Welcome to the joys of working with a natural product!
Wood will move year in, year out. Some woods are more stable than others, but they all have cells in them that were designed to move and hold water when the tree was alive. Now that the tree is dead, they're still there, they're just not actively working, but they still work just great passively. The first couple of paragraphs of my answer here go into some detail about it.
The thickness of the board will have some impact on the amount of cupping you'll see, but you'll need to go significantly beyond 20mm (~3/4") before you'll notice a difference. Head back to the builder's merchant and look at a board like a 2x8" (~50x200mm) - you'll see that even along the 200mm dimension the boards will curve (put the board on the 50mm edge, with the 200mm dimension vertical, then sight along the board, you're likely to find some that curve up or down - this is called "crown" and it's necessary to put the crown up when using this lumber in a floor or ceiling).
All lumber will dry out with age (roughly 1 year per inch/25mm to air dry when properly spaced). Kiln dried wood has been heated to speed up this process. It costs money to run the kiln, but it saves time - you pay extra for the process - but otherwise, it behaves essentially the same as air dried wood.
If you want to minimize the chances of your boards cupping, you need to purchase quarter sawn lumber. This will be significantly more expensive than the plainsawn lumber you show in your picture, and it will not guarantee that it won't cup on you, but it will significantly reduce the chances of cupping.
You can tell a quartersawn board by looking at the grain. The face grain will be very consistent along the length of the boards like this oak is:
Source: wiseGeek.com. No affiliation, just the first pic I found
You can also look a the end grain. Where the boards in your picture show the growth rings curving through the end, in a quartersawn board, they will run vertically (or near vertically) from one face to the other, like this:
Source: Bell Forest Products No affiliation, just the first end grain pic I found
It is possible to rummage through the piles of lumber at your local home center to find the boards that were plainsawn from the center of the log and exhibit these grain features. They will exhibit the same stability and resistance to cupping and expansion that quarter sawing will yield for the price of painsawn wood, but you're going to spend a lot of time looking for them.
You indicated that you clamped some pieces together and that the cupped one uncupped, at least a bit. Congrats! Give it 48 hours or so and it will, most likely, return to its curved shape.
A more permanent fix is to cut a series of grooves along the inside of the cupping to relieve the stresses. Unfortunately, this also weakens the board and it won't support as much weight when working as a shelf.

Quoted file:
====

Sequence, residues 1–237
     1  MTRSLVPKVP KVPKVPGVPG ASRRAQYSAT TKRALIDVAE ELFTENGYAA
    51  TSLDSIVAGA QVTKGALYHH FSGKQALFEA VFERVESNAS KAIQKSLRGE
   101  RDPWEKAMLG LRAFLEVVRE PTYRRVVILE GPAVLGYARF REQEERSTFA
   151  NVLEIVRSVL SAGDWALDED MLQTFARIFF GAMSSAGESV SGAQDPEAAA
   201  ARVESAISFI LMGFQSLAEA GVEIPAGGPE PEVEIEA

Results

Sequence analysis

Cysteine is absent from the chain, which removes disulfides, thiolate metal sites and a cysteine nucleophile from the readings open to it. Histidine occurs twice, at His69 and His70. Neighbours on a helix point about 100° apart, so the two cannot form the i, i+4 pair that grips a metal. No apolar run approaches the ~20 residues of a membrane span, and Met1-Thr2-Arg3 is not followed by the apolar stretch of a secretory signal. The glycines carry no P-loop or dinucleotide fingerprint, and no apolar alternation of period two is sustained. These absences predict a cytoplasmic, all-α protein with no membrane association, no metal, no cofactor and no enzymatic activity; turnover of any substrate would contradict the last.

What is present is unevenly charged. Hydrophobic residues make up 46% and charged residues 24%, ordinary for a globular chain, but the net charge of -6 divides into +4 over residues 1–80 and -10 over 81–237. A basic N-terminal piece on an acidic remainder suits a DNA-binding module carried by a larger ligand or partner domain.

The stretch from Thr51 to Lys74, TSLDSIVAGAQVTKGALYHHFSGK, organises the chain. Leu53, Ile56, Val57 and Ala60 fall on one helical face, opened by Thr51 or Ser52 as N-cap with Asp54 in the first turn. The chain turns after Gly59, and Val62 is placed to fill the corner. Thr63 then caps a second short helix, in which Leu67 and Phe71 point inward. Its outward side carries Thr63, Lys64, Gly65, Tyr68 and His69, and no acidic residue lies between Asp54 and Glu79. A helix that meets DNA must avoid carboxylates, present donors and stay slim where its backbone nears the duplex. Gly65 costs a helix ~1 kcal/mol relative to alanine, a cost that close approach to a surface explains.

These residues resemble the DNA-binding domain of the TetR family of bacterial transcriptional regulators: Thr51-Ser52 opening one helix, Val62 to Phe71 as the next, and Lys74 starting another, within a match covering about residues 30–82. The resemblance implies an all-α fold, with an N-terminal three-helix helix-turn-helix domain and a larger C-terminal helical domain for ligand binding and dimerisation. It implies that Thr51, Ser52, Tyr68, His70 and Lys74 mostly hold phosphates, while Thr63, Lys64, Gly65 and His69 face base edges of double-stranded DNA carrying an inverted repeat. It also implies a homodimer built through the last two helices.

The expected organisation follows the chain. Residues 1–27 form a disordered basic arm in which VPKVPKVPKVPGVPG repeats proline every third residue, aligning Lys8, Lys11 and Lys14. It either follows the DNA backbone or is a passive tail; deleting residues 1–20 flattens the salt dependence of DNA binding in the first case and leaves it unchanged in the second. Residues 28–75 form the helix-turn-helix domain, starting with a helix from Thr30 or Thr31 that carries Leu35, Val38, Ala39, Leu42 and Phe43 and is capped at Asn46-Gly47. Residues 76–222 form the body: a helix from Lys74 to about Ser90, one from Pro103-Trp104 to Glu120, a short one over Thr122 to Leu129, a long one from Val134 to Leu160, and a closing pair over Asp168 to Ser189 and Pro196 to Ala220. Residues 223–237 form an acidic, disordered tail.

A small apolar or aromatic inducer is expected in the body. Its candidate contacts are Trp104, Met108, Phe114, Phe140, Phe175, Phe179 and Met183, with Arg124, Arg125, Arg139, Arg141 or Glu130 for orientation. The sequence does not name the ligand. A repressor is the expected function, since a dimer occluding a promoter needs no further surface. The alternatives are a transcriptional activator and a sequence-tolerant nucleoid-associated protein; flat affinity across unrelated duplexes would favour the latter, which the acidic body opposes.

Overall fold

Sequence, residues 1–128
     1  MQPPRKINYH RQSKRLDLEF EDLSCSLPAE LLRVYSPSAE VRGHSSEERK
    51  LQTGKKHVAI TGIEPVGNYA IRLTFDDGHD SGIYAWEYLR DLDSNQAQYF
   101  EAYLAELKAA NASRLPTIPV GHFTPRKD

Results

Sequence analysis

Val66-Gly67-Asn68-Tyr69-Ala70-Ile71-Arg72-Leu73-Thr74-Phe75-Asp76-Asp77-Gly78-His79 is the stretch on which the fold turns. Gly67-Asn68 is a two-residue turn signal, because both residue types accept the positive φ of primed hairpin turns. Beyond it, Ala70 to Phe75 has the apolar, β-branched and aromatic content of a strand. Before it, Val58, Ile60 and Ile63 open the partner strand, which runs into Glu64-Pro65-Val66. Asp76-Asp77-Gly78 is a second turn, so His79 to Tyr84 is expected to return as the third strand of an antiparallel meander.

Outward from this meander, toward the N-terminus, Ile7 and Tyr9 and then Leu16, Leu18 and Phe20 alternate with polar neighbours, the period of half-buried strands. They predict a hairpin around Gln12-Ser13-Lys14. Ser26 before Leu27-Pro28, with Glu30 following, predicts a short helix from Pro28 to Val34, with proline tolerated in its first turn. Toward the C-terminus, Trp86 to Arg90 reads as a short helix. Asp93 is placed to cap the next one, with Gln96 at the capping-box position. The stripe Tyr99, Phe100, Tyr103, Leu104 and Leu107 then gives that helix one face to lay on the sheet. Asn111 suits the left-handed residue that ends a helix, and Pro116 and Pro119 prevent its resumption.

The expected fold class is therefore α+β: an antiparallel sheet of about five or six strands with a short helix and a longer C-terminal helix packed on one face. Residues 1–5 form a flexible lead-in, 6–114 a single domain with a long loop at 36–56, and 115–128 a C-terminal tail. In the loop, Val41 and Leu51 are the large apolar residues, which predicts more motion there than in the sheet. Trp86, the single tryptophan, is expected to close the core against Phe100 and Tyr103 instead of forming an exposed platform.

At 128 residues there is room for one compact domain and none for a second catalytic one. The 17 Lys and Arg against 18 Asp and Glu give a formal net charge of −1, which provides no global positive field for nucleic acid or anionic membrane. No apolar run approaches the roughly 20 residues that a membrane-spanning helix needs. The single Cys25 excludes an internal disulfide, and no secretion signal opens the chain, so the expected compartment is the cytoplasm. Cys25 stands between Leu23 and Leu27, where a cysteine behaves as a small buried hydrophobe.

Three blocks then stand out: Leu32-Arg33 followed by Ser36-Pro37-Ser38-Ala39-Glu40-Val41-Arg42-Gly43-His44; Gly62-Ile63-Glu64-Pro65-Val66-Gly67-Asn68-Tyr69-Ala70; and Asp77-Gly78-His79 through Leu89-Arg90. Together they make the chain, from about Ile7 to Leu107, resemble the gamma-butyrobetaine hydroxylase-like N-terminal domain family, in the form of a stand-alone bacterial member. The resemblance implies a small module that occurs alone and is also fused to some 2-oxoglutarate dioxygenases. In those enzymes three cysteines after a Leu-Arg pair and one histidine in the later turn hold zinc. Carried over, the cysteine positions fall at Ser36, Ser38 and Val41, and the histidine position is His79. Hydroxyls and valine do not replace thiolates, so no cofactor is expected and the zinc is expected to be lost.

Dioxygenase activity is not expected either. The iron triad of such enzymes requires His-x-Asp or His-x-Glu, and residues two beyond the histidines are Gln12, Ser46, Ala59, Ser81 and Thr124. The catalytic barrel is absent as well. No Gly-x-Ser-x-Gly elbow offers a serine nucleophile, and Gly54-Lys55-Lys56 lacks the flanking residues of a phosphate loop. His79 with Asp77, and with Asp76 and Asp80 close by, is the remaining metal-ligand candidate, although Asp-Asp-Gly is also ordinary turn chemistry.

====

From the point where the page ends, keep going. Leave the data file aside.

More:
Painting is probably your best, simple, way of minimizing the cupping. Paint will slow the absorption and release of water by the wood, but it won't stop it completely. The same applies to a couple of layers of polyurethane or any other covering finish (stain will soak into the wood, not sit on top - it's only there to dress up the wood, not protect it). The key to minimizing the warping via coatings is to cover all 6 sides. Paint the top and bottom and edges and ends. If you cover only the visible sides, you'll actually accelerate the warping as you'll reduce the water absorption on one side while leaving it at "full rate" on the other side. The uncoated side will absorb more water and expand faster.
The best solution, one that is probably serious overkill for your fairly narrow shelves, is to rip the boards into narrower strips, arrange the strips so that the growth rings (viewed from the end) alternate up and down, then glue them back together into the width of board you need. This is the technique used to make wide planks for things like table tops out of boards wider than the ones you show in your picture. It'll work for your shelves, but it is serious overkill. If you want to find out more about this methodology, visit the Woodworking stack and look at the tabletop or table-making tags. You can also look at the wood-movement tag to see other thoughts on the topic.
To reduce the warping in a practical manner, place the boards on the shelves with the growth rings "down". That is, arcing from the bottom of the board, up in the middle, then back down. This will use the weight of whatever is on the shelves to help resist the wood's desire to curve upward, but won't prevent it. Unless you're clamping your books and nick-nacks down.